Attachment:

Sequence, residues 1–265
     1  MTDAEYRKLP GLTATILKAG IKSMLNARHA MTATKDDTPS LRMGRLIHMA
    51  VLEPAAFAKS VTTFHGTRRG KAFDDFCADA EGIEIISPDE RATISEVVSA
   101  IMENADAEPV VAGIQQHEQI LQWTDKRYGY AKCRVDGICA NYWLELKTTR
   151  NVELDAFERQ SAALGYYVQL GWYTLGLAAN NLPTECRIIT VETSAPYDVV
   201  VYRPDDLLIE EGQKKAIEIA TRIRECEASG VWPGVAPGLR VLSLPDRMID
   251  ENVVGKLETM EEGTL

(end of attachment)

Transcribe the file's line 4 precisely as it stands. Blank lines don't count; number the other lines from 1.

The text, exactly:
   101  IMENADAEPV VAGIQQHEQI LQWTDKRYGY AKCRVDGICA NYWLELKTTR